One of the most common questions we receive from clients is whether they should pursue a Master’s degree or a PhD. This decision depends on multiple factors and is highly individualized, depending on both the professional goals and life circumstances of the client. In this post, we demystify the decision, by discussing the key differences between Master’s and PhD programs and offer additional tips to help you decide which to apply for.
Master’s Degree vs. PhD
|Time||1-2 years||3-8 years|
|Cost||Varies based on program, $30-70K/year x 1-2 years||Varies based on program, $30-70K/year x 3-8 years|
|Career Opportunity||Usually mid-level||Highest level of study, greatest opportunities for leadership positions in academia or industry|
|Protected Time for Research||Varies, traditionally 10-20% of your time||Varies, traditionally 60%-90% of your time|
|Salary1||Varies, $56k-$109k (median range)||Varies, $68k-$122k (median range)|
A note on salary
Earnings vary widely based on your graduate degree course of study, your prior experience, geography and the sector that you are working in once you graduate. Salaries are different in academia, the public, private, non-profit sectors. The career office of your target graduate program is a good source for salary information of recent grads. Professional groups and academic associations are other sources you can look to for salary information.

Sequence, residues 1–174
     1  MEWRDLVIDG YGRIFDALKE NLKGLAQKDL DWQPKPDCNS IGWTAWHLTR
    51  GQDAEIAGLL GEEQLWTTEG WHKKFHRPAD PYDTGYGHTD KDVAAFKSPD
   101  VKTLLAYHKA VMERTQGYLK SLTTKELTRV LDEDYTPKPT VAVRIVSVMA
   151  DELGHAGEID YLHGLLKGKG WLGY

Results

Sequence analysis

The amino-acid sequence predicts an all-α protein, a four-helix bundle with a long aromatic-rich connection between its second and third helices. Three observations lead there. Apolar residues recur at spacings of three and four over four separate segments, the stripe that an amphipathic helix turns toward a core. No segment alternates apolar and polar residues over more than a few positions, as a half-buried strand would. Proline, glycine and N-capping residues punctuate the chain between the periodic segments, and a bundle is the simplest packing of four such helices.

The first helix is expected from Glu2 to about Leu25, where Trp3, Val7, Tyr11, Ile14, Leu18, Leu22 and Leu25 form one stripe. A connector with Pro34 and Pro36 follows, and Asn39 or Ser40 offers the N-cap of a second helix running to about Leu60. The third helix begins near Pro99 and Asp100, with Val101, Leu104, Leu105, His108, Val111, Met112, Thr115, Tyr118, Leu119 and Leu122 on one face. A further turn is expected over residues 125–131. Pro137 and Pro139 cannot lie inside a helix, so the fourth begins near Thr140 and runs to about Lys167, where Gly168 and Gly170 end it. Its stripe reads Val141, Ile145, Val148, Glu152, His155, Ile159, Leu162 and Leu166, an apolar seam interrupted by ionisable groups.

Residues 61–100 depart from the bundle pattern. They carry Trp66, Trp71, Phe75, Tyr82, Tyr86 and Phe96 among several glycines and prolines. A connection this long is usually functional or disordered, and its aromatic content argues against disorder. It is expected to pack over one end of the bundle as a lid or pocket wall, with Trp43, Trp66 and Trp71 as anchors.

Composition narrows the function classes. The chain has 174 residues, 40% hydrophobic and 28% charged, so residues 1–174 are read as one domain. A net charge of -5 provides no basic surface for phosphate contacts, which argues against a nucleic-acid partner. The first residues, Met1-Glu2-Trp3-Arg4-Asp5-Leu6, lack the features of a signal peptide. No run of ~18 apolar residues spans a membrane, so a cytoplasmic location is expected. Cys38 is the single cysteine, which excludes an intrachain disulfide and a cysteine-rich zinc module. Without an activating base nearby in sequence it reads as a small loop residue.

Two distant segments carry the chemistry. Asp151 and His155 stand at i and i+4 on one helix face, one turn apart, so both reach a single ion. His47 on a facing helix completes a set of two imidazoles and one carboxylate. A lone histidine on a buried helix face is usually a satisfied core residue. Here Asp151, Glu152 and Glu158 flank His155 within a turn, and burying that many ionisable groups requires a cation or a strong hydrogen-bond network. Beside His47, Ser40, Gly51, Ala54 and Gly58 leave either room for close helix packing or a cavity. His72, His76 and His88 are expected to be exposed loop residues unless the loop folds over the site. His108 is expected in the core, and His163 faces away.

The biggest differences between a Master’s Degree and PhD are the time commitment, research training, and job prospects. Pursuing a PhD, while more time intensive, offers additional and rigorous training in academic research, a highly marketable skill for both academia and industry. While the cost can be substantial, do not let it be a deterrent for either degree program. There are often several scholarship or teaching assistantship opportunities available for interested students.
If you are still uncertain about which path you should pursue, ask yourself what your ultimate professional goal is. Have you ever wanted to “be the expert” on a topic, advance knowledge in a particular field, or become a college professor? If so, getting a PhD may be the right next step for you. If, however, you want additional training in a topic but do not want to engage in intense scholarly activity for several years, perhaps a Master’s is the best step.Still feeling anxious about your decision? Need help with your Master’s or PhD Application? The Art of Applying® is here to help. Our experienced team of consultants have trained at the top academic institutions in the world and more importantly, are dedicated to your success. To learn more about how we can help, schedule your Quick Call with our team.